Callin' It Quits
Gerrymandering an undeniable cause in current government shutdown.
Published: Tuesday, October 8, 2013
Updated: Sunday, December 15, 2013 17:12
Article written as of Sunday, October 6th 2013.
The government has shut down, but it hasn’t shut-up. The rhetoric surrounding this shutdown (one in a long line of shutdowns) is in the finger-pointing stage. I would like to enter a third party into the fault-finding, gerrymandering.
It may seem like the Republican hardliners, who failed to pass an acceptable budget, are at fault. It may even seem that Democrats in the House or President Obama’s refusal to enter into negotiations are at fault. Indeed, some blame lies in various intensities on each, but the undeniable cause of this shutdown is gerrymandering.
The term comes from honorable Gov. Elbridge Gerry of Massachusetts, who in 1810, repositioned districts to his advantage. The district, so convoluted it looked like a salamander, was referred to as gerrymander, and the term stuck.
Repositioning voting districts is a normal part of the democratic process. It ensures the districts are representative of the people as population shifts. Congress is required by the Supreme Court to redistribute periodically. The Voting Rights Act of 1965 encouraged grouping of minority communities to increase their voice.
Similarly, three voting districts in Nebraska are separated to prevent rural Nebraskans from being outnumbered by urban population centers like Omaha and Lincoln, split by liberal and conservative votes. A Democratic Republic in which representatives are elected by popular vote doesn’t deny minorities their representative rights.
However, when the representation of a state doesn’t match its popular vote consistently and Congressional seats do not change for decades, gridlock ensues. The kind that shuts down governments.
Which brings us back to finger pointing. Remember the small contingent of Republicans that refuse to allow a passed, signed, unrepealed, Supreme Court ratified law to go into effect?
Blocking this law is the jolt that blew Washington’s circuit. The President and Senate contributed to the shutdown by refusing to negotiate. Here is where gerrymandering comes in. They should not have to negotiate.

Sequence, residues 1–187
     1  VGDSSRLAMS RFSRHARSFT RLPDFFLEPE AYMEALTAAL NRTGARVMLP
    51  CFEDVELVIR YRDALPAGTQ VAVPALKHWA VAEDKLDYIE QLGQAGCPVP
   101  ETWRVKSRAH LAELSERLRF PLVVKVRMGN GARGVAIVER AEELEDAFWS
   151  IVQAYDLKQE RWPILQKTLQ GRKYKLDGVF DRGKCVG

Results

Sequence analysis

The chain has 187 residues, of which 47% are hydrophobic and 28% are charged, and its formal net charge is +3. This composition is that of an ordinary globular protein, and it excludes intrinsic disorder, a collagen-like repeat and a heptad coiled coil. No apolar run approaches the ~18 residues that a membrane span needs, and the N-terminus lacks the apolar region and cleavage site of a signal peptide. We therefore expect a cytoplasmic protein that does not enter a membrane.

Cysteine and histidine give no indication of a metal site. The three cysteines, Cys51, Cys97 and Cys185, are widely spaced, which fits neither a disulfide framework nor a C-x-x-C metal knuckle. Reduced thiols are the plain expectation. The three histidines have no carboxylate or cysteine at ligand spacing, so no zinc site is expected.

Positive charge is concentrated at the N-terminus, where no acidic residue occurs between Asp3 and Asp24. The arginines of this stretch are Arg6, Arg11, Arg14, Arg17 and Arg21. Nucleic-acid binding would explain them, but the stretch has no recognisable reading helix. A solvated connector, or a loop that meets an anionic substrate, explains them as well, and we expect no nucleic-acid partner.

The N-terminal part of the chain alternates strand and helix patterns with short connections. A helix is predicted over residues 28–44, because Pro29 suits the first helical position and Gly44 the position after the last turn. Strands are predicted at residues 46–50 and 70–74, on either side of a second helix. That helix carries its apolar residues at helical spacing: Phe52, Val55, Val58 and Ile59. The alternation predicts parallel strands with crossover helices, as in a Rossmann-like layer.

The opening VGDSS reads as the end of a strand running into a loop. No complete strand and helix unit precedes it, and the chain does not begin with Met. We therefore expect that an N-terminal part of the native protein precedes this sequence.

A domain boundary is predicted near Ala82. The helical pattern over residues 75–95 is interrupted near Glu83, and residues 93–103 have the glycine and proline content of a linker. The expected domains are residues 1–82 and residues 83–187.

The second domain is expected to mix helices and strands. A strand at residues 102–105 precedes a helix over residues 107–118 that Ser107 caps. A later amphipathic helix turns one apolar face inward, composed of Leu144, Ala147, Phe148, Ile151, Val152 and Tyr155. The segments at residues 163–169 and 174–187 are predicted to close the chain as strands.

Audible gasp. I know, this statement goes against everything bipartisanship is supposed to mean, and America does need more compromise. However, a majority in the Senate that can block house budgets doesn’t need to negotiate on its only major sticking point. The Senate and the House have equal power; they were given that in the Constitution. Comprise means both should get a little of what they want, and a little of what they do not. No one party gets exactly what they want or else.
Gerrymandering has allowed the Republican Party to shut down the government. They can sacrifice something good for America overall, like having a fully functioning government, in favor of a hard stance. While this will likely have ramifications for the Republican Party, the government, and the populous, it will likely have little effect on these politician’s careers. The safe, gerrymandered districts they are supported by will continue to vote for them.
If they were responsible to a more diverse group of voters, the Republicans would be more accountable for their actions. If gerrymandering were better regulated, or better yet, redistribution was charted by computers and non-partisan committees, both parties would be encouraged to compromise by their voting base.
Since the Supreme Court has been little help in gerrymandering cases, it is necessary to put pressure on lawmakers at the state level. Make changes and restrictions of gerrymandering referendum, up to popular citizen vote. The only way to foster in real bipartisanship and compromise is to hold legislators accountable for their actions - and not just to voters that easily agree.
Until then, the political rhetoric of our era is white noise.